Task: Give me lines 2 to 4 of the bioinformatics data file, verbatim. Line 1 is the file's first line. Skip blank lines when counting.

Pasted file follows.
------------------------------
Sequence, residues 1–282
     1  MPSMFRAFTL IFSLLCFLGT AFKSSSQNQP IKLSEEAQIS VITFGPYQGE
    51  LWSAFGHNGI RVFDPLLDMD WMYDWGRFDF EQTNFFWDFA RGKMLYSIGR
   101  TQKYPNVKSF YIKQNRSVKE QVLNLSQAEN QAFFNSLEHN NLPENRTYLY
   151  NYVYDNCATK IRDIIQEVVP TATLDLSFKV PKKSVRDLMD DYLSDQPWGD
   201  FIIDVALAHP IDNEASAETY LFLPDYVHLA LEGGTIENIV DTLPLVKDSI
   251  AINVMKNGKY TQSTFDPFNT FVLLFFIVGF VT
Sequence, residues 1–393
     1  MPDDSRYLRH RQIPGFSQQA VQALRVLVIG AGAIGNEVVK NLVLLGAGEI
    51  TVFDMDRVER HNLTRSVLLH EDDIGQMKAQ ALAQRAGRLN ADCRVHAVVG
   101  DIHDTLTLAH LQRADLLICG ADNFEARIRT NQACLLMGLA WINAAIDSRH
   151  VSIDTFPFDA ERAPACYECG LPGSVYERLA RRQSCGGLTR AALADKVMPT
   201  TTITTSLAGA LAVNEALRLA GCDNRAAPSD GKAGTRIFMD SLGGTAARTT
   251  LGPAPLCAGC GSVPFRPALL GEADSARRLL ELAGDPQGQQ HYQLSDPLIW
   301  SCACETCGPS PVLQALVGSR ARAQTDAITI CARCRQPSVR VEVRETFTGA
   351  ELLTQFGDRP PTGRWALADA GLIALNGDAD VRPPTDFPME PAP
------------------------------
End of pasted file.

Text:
     1  MPSMFRAFTL IFSLLCFLGT AFKSSSQNQP IKLSEEAQIS VITFGPYQGE
    51  LWSAFGHNGI RVFDPLLDMD WMYDWGRFDF EQTNFFWDFA RGKMLYSIGR
   101  TQKYPNVKSF YIKQNRSVKE QVLNLSQAEN QAFFNSLEHN NLPENRTYLY